Invited Distinguished Professor:
Gabriel Esquivel, Studio Professor
Stephen Caffey, Assistant Professor of Art and Architecture History and Theory Texas A&M University
Team: Justin Zumel, Eline Verhoeven, Tung Dinh, Maria Fuentes.
Within the realm of representation, a resolution occurs during the transition between mediums: creating the possibility of emulating new objects.
In our process of photogrammetry, we rediscovered the idea of flattening. Through this process of using the camera as a marker between physical to digital, there is a loss of information that creates formal and textural discrepancies. For the methodology, reproducing these objects in the digital form can be controlled through the amount of photos used. For example, less photos equate more data loss and tears within the mesh, while more photos create higher dense polymesh digitally.
The categories of objects in our mereology consisted of: physical natural rock, Physical synthetic rock, and rock-like object. Through that process, these object’s unequivocal qualities dissolved into the same field to a point of obscured qualities between the three categories. Another production from this method was an image that represents the object through texture; which creates a flattened representation of the object as if the object were a flat image.
Through this exploration of controlled resolution of meshes, we then created an object digitally that would be added to this array of meshcount. We noticed that if we widened this spectrum of density from high poly to low poly meshes, then the low poly meshes will turn into flat planes or faces. Through these flat planes, they do not represent the rocks, but the idea of flattening. Again, this idea of flattening is not only a production of the photogrammetry, but also a production between the pure digital, pure physical, and translation between the physical to digital.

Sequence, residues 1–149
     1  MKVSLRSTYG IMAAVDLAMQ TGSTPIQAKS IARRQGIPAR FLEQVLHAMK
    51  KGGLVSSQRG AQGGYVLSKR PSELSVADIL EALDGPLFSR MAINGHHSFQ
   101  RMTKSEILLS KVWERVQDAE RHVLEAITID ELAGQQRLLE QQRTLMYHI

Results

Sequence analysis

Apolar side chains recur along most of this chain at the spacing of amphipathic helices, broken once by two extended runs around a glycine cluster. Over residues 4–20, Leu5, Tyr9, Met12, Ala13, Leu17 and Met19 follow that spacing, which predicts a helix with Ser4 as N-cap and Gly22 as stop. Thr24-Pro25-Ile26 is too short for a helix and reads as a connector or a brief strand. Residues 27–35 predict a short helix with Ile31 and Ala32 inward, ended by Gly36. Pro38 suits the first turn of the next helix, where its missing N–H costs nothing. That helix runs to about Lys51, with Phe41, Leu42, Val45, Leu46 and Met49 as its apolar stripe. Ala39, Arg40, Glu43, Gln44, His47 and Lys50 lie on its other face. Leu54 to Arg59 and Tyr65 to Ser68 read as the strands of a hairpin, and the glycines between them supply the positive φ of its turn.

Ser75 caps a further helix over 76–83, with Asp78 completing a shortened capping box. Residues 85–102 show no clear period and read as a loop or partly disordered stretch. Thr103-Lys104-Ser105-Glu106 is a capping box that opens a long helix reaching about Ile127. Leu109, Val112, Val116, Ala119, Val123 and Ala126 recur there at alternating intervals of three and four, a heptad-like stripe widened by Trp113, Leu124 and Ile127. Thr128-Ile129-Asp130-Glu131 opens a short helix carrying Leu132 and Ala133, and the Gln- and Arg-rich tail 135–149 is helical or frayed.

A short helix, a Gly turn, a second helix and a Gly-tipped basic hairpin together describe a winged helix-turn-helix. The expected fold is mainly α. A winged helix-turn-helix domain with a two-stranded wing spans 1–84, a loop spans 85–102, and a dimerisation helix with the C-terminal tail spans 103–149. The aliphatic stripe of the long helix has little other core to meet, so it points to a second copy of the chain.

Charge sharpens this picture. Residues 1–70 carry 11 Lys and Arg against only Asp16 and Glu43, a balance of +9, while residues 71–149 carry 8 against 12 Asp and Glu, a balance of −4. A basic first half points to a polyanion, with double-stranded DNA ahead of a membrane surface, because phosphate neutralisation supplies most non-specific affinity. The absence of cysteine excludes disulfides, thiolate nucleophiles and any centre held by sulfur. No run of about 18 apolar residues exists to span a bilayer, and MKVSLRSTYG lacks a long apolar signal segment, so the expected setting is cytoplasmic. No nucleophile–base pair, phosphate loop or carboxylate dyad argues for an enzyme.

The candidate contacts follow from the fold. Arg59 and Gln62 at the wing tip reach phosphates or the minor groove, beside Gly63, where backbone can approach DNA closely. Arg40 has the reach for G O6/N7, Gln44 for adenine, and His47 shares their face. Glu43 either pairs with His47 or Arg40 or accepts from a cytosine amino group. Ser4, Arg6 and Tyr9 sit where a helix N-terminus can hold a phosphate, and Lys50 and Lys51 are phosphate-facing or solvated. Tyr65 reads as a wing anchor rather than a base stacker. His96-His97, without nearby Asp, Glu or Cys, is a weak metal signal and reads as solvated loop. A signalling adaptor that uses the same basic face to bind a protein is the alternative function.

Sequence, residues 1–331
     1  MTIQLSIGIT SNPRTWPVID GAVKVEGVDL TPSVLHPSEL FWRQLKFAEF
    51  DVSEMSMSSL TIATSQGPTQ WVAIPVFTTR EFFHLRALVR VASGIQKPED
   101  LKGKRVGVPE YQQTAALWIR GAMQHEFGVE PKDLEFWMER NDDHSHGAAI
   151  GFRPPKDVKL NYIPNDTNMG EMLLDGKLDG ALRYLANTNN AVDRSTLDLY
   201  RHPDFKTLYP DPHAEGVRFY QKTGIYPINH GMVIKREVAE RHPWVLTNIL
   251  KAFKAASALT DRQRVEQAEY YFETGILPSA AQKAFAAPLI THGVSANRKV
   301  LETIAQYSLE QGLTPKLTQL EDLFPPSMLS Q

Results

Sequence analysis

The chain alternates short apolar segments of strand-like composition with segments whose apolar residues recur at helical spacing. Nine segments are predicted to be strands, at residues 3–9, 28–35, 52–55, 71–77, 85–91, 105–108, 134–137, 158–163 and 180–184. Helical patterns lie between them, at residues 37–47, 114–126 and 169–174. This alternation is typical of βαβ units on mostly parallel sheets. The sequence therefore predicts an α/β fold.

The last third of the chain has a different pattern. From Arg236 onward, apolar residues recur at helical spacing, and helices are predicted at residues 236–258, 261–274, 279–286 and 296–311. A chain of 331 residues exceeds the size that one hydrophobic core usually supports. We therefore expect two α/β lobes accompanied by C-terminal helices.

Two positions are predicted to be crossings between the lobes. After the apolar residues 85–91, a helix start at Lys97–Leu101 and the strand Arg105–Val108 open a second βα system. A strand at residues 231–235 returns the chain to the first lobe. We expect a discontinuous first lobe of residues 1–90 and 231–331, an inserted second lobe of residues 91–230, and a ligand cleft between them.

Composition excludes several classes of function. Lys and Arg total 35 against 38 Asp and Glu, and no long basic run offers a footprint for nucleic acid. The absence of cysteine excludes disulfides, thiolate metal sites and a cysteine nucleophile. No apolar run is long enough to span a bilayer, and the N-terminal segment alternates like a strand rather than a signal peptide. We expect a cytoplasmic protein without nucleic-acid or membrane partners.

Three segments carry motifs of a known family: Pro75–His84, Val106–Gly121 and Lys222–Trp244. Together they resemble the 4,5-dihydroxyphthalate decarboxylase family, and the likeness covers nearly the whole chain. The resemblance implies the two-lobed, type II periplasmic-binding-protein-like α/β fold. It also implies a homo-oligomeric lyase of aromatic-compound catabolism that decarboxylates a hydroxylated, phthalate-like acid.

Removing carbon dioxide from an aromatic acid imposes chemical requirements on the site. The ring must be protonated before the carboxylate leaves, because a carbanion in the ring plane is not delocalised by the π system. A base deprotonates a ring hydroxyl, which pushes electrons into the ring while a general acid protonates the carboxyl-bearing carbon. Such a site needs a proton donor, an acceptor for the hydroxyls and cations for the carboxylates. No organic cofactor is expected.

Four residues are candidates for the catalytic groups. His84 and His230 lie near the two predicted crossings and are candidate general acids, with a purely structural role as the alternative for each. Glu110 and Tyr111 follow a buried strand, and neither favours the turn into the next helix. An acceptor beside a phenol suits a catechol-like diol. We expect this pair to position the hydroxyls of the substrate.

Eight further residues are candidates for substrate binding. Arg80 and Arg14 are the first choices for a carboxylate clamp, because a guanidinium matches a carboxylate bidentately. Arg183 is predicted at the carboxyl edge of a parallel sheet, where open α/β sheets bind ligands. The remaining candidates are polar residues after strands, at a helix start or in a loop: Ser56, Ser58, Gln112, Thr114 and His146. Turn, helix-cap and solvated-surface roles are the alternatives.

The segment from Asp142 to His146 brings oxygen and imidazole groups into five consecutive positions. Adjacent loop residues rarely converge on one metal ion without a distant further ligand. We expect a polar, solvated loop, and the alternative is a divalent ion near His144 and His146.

These planes and objects were then mapped with textures that did not emanate from the objects themselves, but other objects. For example, the texture map that was created for one object was mapped onto another object to form another degree of obscuration; the delineation from what the object was to what the object manifested itself through digital manipulations. To exhaust the idea of obscuration even further, our collective of textures did not only come from the photogrammetry, but also photographed textures of found objects. Through the post processing phase, there was another level of obscuration that manipulates the way in which a rendering software actualizes a digital texture, and how photoshop renders that same texture. This degree of obscuration is executed by the creation of certain moments of photoshopped texture filters within the same image of the raw render.
In this project there are two autonomous forms that create the illusion of a dichotomy rather than a visual articulation of cohesion. In a trivial notion, this illusion represents these flat planes as a form of disruption through the splitting of these objects, but what these planes are argued to do, is create a plane in which the objects have a relationship with the ground. In a way, these planes create a notion of flattened ground where all of these objects have a direct relationship with their planes. This contains the idea of figure and ground and that all of the objects are on the same field of different degrees of flattened representations.
As a whole, this project is a question of representation and translation that… are these objects a representation of the initial object?... or are these objects a creation of new objects that do not rely on the idea of representation; because through the process of photogrammetry, they do produce a representation of what was scanned initially, but because of the control of the input of images processed to purposefully produce tears, these objects become new objects. As a result, the idea of representation does not exist.